Fossil found by P.E.I. boy fills gap in reptile evolution
Lizard-like animal named after Michael Arsenault of Prince County, P.E.I.
A fossil of a lizard-like creature found by a boy on a Prince Edward Island beach is a new species and the only reptile in the world ever found from its time, 300 million years ago, a new study shows.
The fossilized species has been named Erpetonyx arsenaultorum after the family of Michael Arsenault of Prince County, P.E.I., who found the fossil at Cape Egmont, said a study published this week in the Proceedings of Royal Society B: Biological Sciences.
"Our animal is the only reptile known from this time period called the Gzhelian," said Sean Modesto, a paleontologist at Cape Breton University who was the lead author of the new paper about the fossil, now in the collection of the Royal Ontario Museum in Toronto. He collaborated with researchers at the ROM, University of Toronto at Mississauga, and the Smithsonian Institution.
They built a box and Michael kept it under his bed for many years. He knew it was very valuable.— Bette Sheen, family friend of Michael Arsenault
The Gzhelian Age was a five-million-year span that started about 304 million years ago, just 10 million years after the first reptiles appeared.
Erpetonyx helps fill a big gap in the fossil record, revealing that there were nearly twice as many kinds of reptiles living around that time as scientists previously believed, Modesto said.
At the time that Erpetonyx lived, P.E.I. was located on the equator and its home was likely a tropical forest.
The animal was about 25 centimetres long — about the size of a chameleon — and would have looked like an average modern-day lizard, even though it isn't closely related to them. Its sharp, peg-like teeth showed it likely ate insects and small amphibians rather than plants.
"Anything that it could catch or stuff down its throat it probably ate," said Modesto.
Its narrow claws suggest it moved easily across the ground, and the first part of its name means "claw crawler," the study says.
A couple of decades ago, Michael Arsenault, then 9 years old, was vacationing with his family at a cottage in western P.E.I. owned by the family of his four-year-old friend Alex Lapp.
One day, the two boys were fossil hunting on the beach when Arsenault spotted part of a fossil backbone.
Bette Sheen, a family friend, said the Arsenault family removed the slab of rock containing the fossil, built a box for it, and Michael kept it under his bed for many years.
The family tried to sell it to a museum, including the Nova Scotia Museum and the Royal Ontario Museum, without success.
"He knew it was very valuable," Sheen said. " I don't think it was about the money so much. He knew it was really important to Prince Edward Island."
Then years later, Sheen connected with Kevin Seymour, assistant curator of vertebrate paleontology at the Royal Ontario Museum. The museum had recently received a large endowment from Louise Hawley Stone, a former museum board member and volunteer who died in 1997. It was dedicated to helping the museum buy artifacts for its collection. Meanwhile, the Arsenault family was looking for money to pay for Michael's post-secondary education.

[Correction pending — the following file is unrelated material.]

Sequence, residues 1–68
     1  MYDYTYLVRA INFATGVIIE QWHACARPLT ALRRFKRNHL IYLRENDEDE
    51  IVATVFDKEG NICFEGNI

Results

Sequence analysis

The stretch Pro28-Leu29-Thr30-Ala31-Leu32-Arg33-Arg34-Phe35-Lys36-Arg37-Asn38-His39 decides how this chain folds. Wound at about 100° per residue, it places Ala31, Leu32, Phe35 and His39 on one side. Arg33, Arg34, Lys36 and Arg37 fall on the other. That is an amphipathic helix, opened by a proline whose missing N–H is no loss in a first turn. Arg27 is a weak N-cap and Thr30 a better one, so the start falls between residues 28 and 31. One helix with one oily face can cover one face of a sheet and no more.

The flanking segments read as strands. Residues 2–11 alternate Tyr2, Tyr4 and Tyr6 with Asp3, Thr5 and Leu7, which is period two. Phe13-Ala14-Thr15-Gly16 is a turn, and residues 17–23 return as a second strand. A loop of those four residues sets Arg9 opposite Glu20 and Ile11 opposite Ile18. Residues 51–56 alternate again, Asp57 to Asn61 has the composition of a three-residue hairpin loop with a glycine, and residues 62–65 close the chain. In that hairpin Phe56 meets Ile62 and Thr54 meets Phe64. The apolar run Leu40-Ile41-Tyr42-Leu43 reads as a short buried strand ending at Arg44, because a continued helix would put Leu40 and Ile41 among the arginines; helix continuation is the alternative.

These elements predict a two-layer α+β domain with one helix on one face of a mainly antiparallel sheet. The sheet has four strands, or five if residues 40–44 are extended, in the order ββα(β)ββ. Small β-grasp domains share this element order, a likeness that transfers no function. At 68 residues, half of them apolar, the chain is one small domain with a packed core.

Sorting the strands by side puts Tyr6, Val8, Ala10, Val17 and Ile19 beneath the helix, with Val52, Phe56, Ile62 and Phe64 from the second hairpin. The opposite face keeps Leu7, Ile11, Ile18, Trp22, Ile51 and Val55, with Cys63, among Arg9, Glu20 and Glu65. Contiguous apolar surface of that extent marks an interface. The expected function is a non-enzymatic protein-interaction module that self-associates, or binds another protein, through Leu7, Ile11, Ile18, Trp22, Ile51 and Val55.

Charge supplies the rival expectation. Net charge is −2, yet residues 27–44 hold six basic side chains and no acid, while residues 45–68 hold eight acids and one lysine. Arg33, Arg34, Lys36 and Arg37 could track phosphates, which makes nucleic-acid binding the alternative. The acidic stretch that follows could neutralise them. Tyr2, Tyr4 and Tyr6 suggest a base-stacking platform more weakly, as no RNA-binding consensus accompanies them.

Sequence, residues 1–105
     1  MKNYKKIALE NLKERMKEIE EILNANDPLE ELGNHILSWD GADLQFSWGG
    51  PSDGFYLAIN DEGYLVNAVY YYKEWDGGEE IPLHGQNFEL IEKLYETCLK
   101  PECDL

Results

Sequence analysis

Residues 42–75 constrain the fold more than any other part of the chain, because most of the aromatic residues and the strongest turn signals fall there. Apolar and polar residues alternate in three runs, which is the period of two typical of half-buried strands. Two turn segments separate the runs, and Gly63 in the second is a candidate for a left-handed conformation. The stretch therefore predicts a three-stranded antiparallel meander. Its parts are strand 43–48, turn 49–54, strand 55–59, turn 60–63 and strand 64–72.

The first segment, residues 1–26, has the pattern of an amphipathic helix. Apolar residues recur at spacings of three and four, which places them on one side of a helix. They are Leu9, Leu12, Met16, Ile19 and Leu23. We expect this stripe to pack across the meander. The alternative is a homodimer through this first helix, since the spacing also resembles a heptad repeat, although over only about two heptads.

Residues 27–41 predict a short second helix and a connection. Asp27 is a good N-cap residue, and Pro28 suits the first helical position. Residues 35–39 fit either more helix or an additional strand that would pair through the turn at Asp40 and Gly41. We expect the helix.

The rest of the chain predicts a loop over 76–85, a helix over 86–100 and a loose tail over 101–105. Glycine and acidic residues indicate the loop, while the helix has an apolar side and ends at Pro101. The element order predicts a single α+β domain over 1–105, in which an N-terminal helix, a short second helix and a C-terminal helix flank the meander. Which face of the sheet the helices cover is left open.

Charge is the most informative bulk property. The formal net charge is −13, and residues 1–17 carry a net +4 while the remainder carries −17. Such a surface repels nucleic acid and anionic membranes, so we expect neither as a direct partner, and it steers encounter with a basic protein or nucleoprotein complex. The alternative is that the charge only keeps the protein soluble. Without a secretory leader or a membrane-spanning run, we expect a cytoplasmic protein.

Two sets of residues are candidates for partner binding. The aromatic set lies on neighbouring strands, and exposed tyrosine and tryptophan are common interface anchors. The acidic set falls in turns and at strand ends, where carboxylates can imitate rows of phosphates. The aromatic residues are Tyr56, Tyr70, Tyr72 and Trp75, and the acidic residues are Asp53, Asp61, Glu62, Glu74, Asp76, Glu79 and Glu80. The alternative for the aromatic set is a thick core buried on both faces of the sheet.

Sheen helped the museum buy the fossil in 2004, but couldn't get it shipped to Toronto.
"Because you couldn't insure it," she said. In the end, she and her brother drove it across the country themselves.
There's got to be more. It's just that no one is looking for them.— Sean Modesto, Cape Breton University
Being in a museum collection made it available for scientists to study, and Seymour invited Modesto to do so, since he was an expert in ancient reptiles.
In the years that followed, Seymour said, the Arsenault family occasionally called to ask how research on the fossil was going.
"I'm really happy to see that the study is finally completed," he added.
The earliest reptiles first evolved during the Carboniferous Era, at a time when much of the world was covered in swampy forests that gave rise to the coal beds that we mine today.
By the time Erpetonyx lived, the world had grown much drier and the coal forests had largely broken up, giving way to less swampy coniferous forests. It's a period that paleontologists know very little about, Modesto said.
"This animal provides a unique window into what's happening to reptiles evolving just after the coal swamps disappear."
He added that he hopes to go to P.E.I. this summer to explore the area where the fossil was found. He hopes to learn more about the other plants and animals that lived alongside Erpetonyx — including what it ate — and to find other fossils like it.
"There's got to be more," he said. "It's just that no one is looking for them."
Meanwhile, Sheen credits Michael Arsenault for safeguarding the unique fossil until it could be made available to scientists.
"The Arsenault family deserves a pat on the back because their little boy knew it was an important find," she said. "He wasn't going to let it go unless somebody else could keep it safe."
With files from Pat Martel